Puzzling graces

Hello friends. Here we are at the end of this inaugural twelve-month cycle of letters. We arrive, as ever and by puzzling graces, where we began: under countless strata of snow by turns waning and waxing, pleasantly lost amid a kaleidoscope of tracks, standing atop the great mineral body.

I started Polylith with an idea of the shape it might take, based on writing I had been doing for some years, but I couldn’t have predicted how quickly it would resolve into its own willful, wily form. For that I can thank the early readers among you, and of course the monthly deadline I set for myself. If you want to undertake a big project this year (write an epic poem, say, or compose a song for each naiad in the watershed, or draw a graphic novel), do it out in the open, and do it piece by piece. Three things will come together in surprising ways to focus your work: the feedback (gods willing), the accompaniment of the audience in your mind, and the reliable obligation to make good on your promise. When you begin (and maybe you already have!), be sure to let me know. I want to follow along.

A black and white photograph of the smooth flank of a sand dune, looking not unlike a human thigh, sloping to the right. The sand is rippled ever so slightly, the evening sky is luminous, and the big lake in the background is rough with whitecaps rolling in to shore.

So then, what paths have we trod over the last year? Well, we began, impossibly, by running our toes over striations in the limestone down beneath the drift, then across a frozen lake on skis, through the center, where we glimpsed the iridescent plumage of immanent divinity. We circled and braided, were enveloped by water, and tuned in as the summer solstice passed like a craft in the darkness. We listened to the thin song of insects just past midsummer, swam, and puzzled under the new moon. We listened to the wind through trees and witnessed a few stirring gestures amid the dunes. We felt the seasons slip beneath our feet, watched the familiar shoreline disintegrate and reemerge, and were invited, finally, by some mysterious visitor to yield and let the cycles repeat as they will. We end not far from where we began. I’ll take that as a promising sign.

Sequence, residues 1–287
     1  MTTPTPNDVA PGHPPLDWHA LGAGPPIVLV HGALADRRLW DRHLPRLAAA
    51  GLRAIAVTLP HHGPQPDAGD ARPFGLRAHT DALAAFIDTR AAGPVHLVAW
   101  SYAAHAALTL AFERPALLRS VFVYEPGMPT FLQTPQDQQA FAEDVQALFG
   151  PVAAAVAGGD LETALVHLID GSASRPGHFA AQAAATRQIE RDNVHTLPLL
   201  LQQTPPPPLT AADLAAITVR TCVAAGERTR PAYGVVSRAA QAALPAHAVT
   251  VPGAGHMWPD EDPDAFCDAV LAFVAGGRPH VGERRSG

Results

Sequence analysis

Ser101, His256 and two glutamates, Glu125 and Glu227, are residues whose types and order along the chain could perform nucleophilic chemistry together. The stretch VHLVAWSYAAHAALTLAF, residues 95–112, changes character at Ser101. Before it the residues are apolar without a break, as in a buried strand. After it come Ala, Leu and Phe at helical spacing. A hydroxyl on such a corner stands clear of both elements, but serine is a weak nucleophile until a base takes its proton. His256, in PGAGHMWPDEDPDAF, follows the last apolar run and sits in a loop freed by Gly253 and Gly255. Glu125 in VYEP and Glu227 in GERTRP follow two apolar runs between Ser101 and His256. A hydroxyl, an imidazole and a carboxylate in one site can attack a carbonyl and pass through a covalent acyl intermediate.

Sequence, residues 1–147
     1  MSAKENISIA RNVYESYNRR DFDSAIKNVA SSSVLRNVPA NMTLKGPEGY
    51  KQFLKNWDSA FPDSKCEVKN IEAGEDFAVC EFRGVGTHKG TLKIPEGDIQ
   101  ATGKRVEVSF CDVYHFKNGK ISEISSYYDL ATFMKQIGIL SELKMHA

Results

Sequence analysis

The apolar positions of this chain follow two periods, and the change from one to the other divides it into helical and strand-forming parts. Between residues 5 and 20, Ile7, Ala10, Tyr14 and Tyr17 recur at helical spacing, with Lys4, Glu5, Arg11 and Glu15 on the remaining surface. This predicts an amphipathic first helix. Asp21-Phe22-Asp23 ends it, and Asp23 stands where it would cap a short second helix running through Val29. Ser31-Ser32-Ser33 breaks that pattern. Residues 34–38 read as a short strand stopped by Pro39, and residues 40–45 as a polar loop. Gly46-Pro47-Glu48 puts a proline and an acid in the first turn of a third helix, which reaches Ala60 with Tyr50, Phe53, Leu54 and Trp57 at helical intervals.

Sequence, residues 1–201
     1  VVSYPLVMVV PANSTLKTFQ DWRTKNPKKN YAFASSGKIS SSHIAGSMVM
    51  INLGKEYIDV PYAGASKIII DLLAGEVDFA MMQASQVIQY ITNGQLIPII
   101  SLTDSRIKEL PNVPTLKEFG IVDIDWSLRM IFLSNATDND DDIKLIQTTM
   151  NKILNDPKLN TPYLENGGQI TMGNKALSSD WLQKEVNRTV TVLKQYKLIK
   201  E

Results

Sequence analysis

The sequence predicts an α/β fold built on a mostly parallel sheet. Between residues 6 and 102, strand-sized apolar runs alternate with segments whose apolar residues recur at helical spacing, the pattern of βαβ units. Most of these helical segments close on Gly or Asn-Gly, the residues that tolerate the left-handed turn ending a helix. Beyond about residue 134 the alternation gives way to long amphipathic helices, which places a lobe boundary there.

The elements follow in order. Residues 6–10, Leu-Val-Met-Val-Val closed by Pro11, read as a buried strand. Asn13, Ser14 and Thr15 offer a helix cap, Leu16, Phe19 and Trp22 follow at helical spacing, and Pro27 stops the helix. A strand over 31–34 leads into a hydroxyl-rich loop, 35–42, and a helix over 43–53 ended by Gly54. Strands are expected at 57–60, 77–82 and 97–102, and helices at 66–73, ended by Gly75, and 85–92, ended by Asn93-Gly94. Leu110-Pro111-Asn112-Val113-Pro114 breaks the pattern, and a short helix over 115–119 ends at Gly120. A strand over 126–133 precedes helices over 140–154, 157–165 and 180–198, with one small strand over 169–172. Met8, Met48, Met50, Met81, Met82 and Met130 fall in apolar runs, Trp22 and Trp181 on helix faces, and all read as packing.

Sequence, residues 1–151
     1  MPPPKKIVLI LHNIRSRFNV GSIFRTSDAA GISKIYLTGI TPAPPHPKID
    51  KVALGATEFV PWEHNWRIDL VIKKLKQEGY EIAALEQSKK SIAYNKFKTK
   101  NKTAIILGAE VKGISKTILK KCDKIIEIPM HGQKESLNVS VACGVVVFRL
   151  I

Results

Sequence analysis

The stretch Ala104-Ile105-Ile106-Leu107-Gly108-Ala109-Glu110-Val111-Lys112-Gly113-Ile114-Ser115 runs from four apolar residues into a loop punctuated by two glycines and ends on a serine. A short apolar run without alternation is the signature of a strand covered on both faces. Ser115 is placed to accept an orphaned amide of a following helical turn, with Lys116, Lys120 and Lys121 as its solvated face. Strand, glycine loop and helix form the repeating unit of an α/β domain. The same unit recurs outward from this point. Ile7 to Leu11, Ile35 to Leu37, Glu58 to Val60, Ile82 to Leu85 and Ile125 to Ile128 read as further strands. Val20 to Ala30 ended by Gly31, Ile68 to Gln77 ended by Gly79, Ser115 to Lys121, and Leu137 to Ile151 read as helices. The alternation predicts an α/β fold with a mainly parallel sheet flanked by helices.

A book

January, in a sense, has been the realization of a long-held dream of mine. I’ve been on sabbatical (or so I insist on calling it) from bread-work for the month, and have been writing every day. I’m revising all the letters I’ve sent you over the year, and writing twelve or so additional pieces to flesh out what is slowly resolving into the exciting but elusive form of a book. A book of essays and letters and poems. Dare I say it’s going well? It’s going pretty well!

What I can’t yet say is when the book will be done (who could predict such an event? and by what infernal means?), but when it is done, you will be the first to hear. There’s a good chance I will raise funds to print the thing by doing pre-orders, so, you know, stay tuned.

In the meantime, I’m going to take a short break from Polylith. But don’t despair! It will return, at the end of March, in some new but familiarly wily form. Until then, may the kaleidoscope entice as ever, may the returning light vitalize, and may the mineral body continue to bear us gently. You’ll all be here in my mind as I write.

Maple City, January 2020